Tuesday 25 October 2016

"I remember it well"

Hermione Gingold and Maurice Chevalier in Gigi (1958)
sing "I Remember It Well"
When Maurice Chevalier and Hermione Gingold reminisce about their younger days in the musical Gigi, it is clear that despite Chevalier's insistence that he remembers it well, their memories differ considerably in detail and precision.  Such variation in how precisely we can remember previous events is not only an affliction of older adults: we are all used to the vagaries of our memories, with some events remembered with crystal clarity and others recalled only indistinctly.

Studies of human memory often focus on how we remember some experiences but forget others, distinguishing only between ‘successful’ and ‘unsuccessful’ memory. However, as Chevalier and Gingold demonstrate, our memory for successfully remembered events can vary widely in quality, differing in the kinds of detail we can remember and how precise our memory for those details is. In addition to these ‘objective’ measures of how well we remember, our memory for an event can also subjectively feel more or less vivid to us based on our conscious experience of reliving the episode, regardless of how accurate our memory actually is. To date, there has been limited understanding of how such substantial differences in memory accuracy and experience occur.

Example study display of 3 objects
presented on a background picture
In our new paper published in eLife, Franka Richter and Rose Cooper developed a novel behavioural task that enables a measure of the likelihood that a memory will be remembered to be separated from measures of both the quality of that memory and the vividness with which it is experienced. In the task, participants studied visual displays each consisting of several different everyday objects presented on a background picture of a landscape or building. The objects varied in three characteristics: their colour (on a continuous spectrum), orientation (how they were rotated around 360 degrees), and their location on the background picture. 

We tested participants’ memory for these characteristics by asking them to recreate the colour, orientation, and location of the objects using dials to change the appearance of the object in a continuous manner (see video below). By testing how precisely participants were able to recreate these three characteristics of the objects from memory, we were able to tease apart the likelihood of remembering from the quality of memory. Before we asked participants to recreate the objects, we also presented them only with the background picture and asked them to remember the objects that were presented on this background and rate how vividly they perceived their memory of the objects to be. By asking them to rate the vividness of their memory on a slider from “not vivid” to “very vivid” we obtained a record of how rich the memory felt to participants.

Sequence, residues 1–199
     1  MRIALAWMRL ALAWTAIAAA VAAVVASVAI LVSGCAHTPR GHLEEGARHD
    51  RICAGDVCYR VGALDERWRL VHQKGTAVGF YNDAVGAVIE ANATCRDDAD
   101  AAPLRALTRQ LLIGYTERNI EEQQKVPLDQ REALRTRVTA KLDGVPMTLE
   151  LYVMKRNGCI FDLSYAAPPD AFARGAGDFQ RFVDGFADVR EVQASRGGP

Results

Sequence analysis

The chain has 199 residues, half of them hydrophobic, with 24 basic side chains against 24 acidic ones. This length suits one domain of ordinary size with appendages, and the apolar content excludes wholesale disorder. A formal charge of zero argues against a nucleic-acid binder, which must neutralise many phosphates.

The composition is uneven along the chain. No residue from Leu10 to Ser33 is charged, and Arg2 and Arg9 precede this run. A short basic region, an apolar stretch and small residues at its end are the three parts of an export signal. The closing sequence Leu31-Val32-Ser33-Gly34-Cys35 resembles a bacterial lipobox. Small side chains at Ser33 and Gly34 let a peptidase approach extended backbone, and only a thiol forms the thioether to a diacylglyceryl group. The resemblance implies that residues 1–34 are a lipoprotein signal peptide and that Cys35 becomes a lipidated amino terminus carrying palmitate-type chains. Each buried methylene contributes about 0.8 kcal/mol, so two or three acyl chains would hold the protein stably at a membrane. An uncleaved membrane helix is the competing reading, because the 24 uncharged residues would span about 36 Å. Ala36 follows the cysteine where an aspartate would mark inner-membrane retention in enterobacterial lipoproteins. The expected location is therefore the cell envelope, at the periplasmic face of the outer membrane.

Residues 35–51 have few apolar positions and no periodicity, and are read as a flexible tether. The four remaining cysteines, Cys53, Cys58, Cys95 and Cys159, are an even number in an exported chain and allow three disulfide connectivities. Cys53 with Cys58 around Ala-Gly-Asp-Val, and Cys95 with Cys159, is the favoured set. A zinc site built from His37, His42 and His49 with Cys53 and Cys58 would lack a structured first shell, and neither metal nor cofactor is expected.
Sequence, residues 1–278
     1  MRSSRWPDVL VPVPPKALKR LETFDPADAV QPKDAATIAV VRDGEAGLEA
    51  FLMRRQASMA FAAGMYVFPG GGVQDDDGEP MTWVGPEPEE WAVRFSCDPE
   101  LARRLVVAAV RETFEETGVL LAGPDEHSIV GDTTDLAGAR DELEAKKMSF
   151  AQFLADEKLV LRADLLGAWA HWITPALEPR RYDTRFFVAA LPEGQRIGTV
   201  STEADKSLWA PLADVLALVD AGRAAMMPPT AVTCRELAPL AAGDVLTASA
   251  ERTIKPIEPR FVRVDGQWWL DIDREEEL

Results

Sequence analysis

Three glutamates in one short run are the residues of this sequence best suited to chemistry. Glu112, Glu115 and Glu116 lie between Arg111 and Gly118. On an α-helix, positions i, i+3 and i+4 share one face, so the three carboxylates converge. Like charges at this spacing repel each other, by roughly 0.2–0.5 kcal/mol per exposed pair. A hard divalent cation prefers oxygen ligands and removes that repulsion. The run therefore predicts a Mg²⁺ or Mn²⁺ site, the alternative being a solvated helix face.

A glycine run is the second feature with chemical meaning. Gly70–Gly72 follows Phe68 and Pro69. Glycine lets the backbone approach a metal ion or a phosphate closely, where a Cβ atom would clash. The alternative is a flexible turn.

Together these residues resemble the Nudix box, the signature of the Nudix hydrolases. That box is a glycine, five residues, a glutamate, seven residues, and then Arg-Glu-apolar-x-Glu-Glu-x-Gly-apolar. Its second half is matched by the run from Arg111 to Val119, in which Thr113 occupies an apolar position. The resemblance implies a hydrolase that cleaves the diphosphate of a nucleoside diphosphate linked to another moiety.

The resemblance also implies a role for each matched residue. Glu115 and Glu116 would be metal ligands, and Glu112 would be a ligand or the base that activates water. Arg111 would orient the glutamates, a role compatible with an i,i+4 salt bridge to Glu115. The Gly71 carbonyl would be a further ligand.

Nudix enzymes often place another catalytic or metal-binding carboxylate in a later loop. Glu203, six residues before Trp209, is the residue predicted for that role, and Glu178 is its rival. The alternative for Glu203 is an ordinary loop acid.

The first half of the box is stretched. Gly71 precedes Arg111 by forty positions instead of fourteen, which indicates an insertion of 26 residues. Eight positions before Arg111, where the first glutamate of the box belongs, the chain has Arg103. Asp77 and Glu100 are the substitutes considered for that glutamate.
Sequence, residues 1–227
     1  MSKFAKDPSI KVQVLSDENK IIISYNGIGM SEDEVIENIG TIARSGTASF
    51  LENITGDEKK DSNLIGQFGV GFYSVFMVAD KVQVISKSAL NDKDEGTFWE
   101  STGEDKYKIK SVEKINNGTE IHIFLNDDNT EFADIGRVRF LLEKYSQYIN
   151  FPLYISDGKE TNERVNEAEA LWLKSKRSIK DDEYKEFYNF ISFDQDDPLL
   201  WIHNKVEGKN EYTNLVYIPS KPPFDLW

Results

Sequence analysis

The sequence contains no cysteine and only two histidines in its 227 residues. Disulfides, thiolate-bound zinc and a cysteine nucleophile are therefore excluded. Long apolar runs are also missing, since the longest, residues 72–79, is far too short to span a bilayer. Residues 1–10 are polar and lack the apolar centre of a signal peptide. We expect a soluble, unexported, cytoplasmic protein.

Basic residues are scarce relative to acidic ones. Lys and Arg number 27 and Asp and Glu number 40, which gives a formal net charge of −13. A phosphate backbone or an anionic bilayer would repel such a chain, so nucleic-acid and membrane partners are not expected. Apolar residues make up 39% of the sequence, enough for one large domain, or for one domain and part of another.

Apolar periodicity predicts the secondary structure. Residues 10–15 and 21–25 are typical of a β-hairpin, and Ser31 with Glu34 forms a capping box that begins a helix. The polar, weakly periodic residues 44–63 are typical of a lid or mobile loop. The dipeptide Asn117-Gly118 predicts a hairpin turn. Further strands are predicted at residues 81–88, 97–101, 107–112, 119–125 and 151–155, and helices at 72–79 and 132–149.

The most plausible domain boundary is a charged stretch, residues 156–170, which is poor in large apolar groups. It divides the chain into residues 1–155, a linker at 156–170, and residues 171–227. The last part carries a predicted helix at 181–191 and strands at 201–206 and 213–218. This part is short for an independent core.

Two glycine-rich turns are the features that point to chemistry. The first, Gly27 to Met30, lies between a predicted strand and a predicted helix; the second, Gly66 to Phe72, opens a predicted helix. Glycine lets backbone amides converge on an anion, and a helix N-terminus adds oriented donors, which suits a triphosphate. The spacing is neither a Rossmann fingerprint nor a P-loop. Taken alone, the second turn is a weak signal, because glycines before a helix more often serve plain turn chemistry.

In the current study, we discovered that specific brain mechanisms underlie these three distinct aspects of memory using a brain imaging technique known as functional magnetic resonance imaging (fMRI). The results of our study demonstrated that the hippocampus, a brain region widely associated with memory retrieval, responded to successfully remembering (in contrast to forgetting) an event, regardless of its quality. That is, the hippocampus indicated whether an object characteristic was remembered no matter how vague this memory was.  In contrast, a region towards the back of the brain known as the angular gyrus tracked the precision of the memory that was recalled, such that activity in this region increased with how close participants were to the correct object location, orientation degree, and colour shade.  Lastly, a third region, the precuneus, which has been associated with imagination and experiencing memories from a first person perspective, showed activity that was specific to the vividness with which participants experienced their memories.

Distinct brain regions support different aspects of remembering

Teasing apart these properties of memory in the brain provides a novel approach that could be used to examine and possibly detect subtle early memory differences associated with neurological disorders that previous methods might not have been able to capture. For example, while it has been long known that damage to one of the areas mentioned above, the hippocampus, can cause severe memory problems, studies of patients with damage to more posterior (towards the back) areas of the brain have suggested that these regions are involved in more subtle aspects of memory, such as quality or detail. For instance, people who suffer strokes or brain tumours located towards the back of the brain are typically not amnesic, but their memories can lack detail and richness, and they may report low confidence in their memories, perhaps indicating a reduction in the precision or vividness of memory representations.

Similarly, people with posterior cortical atrophy (a possible variant of Alzheimer’s disease associated with progressive degeneration of posterior brain areas) can exhibit difficulties with visual processing earlier in the progression of the disease than memory deficits can be detected, which could affect the quality of patients’ memory representations even if the ability to successfully remember the gist of an event remains. Using a variation of the task described above might help to characterise and detect these potential deficits earlier than traditional tests, providing earlier access to treatment for such individuals. Moreover, combining the fMRI data with newly developed brain stimulation techniques might facilitate therapeutic interventions to target specific problems with memory retrieval in these populations.

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